Pivot tables are powerful tools, but it's not always obvious how to use them. Learn how to create and use pivot tables in Excel to aggregate and summarize data that otherwise would require a database. Welcome to this lesson on using pivot tables. This tool is a terrific way to analyze data in a spreadsheet. It allows you to organize information in a way that otherwise would require a database.
In this module, we'll walk through the process using Excel 2007 for Windows. Other versions of Excel can do the same things, but some of the steps might be slightly different.
So, what is a pivot table, exactly? It's really just a tool for summarizing information. You can use pivot tables to do a number of things with your data, such as counting occurrences of some value, or aggregating data based on common values.
To get started, let's download this spreadsheet from data.gov.
The spreadsheet we're using details U.S. foreign aid since 1946, and it does so by country and by program.
About the data
Before we go on, notice the multiple tabs at the bottom of the spreadsheet. The second tab, titled "Economic Historical $," provides monetary figures in real dollars -- that is, how much was actually spent at the time in those years. The third tab, titled "Economic Constant $," provides the data in constant dollars, enabling us to make sensible year-to-comparisons.
Which tab we use will depend on the questions we ask.
Let's say we want to know how much the U.S. spent in 2009 on the various programs across all countries. If we want to understand this figure at today's value (which isn't all that different from 2009), use tab 3. If you want to see it at 2009's values, use tab 2.
Creating a pivot table
To create our pivot table, select "Insert" and click "PivotTable." Stay with the default settings in the resulting dialog box and a blank Pivot Table will be placed on a new sheet in Excel.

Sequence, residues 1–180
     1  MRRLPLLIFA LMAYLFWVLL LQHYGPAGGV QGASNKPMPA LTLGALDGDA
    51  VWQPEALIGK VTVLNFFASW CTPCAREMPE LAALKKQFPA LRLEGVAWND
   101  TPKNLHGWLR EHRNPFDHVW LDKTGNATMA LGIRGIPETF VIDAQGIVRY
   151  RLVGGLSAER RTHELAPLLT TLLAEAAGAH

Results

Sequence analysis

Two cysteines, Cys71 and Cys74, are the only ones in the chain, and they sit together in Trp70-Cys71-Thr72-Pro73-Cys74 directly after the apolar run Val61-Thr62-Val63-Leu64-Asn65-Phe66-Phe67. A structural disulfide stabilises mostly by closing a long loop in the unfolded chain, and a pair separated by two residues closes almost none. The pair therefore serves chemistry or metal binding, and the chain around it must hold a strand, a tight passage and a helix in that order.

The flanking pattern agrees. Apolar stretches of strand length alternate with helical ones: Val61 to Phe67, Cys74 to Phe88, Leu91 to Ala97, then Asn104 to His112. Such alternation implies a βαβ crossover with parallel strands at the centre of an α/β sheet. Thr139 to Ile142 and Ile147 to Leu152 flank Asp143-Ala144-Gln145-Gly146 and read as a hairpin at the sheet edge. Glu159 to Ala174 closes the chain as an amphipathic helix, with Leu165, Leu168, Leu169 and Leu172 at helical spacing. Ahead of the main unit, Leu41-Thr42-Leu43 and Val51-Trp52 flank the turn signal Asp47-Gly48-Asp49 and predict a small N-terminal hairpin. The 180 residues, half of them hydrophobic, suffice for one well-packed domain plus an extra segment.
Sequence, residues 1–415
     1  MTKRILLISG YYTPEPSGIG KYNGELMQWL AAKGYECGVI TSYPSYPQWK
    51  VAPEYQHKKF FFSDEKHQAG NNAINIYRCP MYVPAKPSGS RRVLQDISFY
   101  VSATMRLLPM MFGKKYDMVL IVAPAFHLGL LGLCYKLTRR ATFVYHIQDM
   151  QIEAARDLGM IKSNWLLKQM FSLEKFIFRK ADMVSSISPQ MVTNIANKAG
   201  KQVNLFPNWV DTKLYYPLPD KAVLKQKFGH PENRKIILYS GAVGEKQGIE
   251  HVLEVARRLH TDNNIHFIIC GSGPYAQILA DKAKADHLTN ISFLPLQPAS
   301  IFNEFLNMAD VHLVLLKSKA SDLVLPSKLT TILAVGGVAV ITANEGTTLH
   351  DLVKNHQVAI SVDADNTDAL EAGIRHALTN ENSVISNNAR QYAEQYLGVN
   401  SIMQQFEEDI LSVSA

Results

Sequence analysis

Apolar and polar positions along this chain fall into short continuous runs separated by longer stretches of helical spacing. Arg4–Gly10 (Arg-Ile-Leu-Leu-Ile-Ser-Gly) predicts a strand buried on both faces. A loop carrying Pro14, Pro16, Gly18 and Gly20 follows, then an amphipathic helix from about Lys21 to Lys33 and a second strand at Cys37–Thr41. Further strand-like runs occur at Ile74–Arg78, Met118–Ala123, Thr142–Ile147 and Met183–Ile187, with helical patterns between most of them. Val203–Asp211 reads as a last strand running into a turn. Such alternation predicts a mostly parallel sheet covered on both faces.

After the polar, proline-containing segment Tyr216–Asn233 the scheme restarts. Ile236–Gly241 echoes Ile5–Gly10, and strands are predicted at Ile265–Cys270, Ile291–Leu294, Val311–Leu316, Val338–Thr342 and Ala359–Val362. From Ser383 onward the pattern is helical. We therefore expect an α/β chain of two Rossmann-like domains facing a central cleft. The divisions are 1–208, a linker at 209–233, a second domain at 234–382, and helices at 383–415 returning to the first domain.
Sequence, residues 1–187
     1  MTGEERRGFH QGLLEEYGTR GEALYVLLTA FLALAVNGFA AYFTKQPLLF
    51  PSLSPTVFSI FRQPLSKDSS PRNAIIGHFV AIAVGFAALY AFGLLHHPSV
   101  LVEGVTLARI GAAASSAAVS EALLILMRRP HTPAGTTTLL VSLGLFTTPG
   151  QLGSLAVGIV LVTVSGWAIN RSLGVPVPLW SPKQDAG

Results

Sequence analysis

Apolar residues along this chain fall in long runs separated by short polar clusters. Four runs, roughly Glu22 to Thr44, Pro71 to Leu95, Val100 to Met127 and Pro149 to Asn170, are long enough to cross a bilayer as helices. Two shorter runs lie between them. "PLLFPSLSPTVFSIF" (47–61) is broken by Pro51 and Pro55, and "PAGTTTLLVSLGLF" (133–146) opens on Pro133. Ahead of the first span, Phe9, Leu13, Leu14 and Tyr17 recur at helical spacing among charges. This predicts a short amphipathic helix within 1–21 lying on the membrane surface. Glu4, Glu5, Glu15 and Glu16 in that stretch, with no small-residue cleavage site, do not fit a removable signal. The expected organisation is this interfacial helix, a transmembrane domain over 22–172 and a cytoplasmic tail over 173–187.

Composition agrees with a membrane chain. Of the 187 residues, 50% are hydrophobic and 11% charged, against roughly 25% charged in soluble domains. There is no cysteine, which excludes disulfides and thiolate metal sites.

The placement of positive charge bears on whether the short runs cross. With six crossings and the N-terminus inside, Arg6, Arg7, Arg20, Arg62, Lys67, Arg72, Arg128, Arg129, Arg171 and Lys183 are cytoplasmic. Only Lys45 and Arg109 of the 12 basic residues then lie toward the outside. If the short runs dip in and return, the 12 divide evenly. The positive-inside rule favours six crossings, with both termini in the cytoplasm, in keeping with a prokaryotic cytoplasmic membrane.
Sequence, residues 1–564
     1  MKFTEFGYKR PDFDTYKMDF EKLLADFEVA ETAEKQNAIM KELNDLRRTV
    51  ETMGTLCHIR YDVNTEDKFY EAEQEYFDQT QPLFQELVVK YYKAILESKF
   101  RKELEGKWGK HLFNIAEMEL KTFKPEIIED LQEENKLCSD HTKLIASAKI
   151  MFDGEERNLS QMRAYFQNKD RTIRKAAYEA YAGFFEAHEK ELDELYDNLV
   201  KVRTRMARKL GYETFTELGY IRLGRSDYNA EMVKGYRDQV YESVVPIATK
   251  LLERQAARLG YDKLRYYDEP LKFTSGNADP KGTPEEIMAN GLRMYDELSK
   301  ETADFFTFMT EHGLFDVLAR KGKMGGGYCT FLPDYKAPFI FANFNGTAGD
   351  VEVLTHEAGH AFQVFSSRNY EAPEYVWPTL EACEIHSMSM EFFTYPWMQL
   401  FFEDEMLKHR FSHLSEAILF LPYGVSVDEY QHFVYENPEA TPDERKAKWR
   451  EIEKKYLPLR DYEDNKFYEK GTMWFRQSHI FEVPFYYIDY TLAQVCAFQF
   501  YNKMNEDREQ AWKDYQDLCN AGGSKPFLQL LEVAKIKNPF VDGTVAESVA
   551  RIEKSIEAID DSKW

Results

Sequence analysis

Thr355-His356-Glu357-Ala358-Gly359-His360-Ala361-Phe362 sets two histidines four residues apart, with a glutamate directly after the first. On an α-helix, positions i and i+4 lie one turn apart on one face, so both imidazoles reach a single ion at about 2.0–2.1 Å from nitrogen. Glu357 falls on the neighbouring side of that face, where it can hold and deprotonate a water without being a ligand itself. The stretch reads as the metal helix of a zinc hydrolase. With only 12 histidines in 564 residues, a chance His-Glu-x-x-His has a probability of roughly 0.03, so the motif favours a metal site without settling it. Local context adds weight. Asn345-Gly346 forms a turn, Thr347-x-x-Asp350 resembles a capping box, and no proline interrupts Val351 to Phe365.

With our pivot table in place, let's start looking at the data:
What Excel did was add up all the spending done in all of the countries and organized it by program. So, the U.S. spent about $15.5 million on Child Survival and Health programs around the world in 2009.
Now let's organize this data so we can see where the money is going:
Of course, it would be a lot easier to read this data if it were formatted properly. No problem:
Working the count
Another question one might ask this data is, how many foreign aid programs is the U.S. running in each country? This is easily answered using the "count" function.
Playing the percentages
Another useful function is calculating percentages. For example, maybe we'd like to break down 2009 program spending by percentage.
We can also look at what percentage of all aid since 1946 was handed out in 2009. To do this, we'll need to add a new column in our data tab totaling all the years for each country and program. We'll call this column "Total."
Now, let's create a new pivot table with "country_name" in the row labels and "Total" in values. Be sure to set total to "sum."
Then we'll need to create a new column in our pivot table:
Finally, you can add multiple values if you want to make side-by-side comparisons.
Simply remove "Total" from the value box and instead add two years, say 2000 and 2009. Make sure to set both to "sum of."
As you can see, pivot tables are incredibly powerful, if not always intuitive. But, with a little patience, you can start using them to better analyze and understand your data.